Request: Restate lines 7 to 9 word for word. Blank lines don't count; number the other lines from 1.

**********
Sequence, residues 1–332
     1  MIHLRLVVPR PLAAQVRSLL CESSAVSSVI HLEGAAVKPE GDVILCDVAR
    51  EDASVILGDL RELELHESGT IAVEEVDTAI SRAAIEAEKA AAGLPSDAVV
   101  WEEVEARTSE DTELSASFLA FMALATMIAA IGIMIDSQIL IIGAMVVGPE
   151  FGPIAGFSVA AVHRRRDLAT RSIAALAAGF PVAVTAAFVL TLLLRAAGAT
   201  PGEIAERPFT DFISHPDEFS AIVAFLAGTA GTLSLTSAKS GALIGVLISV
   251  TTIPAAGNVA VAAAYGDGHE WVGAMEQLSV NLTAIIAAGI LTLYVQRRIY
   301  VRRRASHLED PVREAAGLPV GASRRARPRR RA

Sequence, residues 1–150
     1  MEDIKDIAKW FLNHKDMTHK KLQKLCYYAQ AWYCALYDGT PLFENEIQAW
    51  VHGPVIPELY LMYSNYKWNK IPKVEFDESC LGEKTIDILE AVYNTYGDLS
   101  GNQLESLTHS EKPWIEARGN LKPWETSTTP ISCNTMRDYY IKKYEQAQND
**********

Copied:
   251  TTIPAAGNVA VAAAYGDGHE WVGAMEQLSV NLTAIIAAGI LTLYVQRRIY
   301  VRRRASHLED PVREAAGLPV GASRRARPRR RA

Sequence, residues 1–150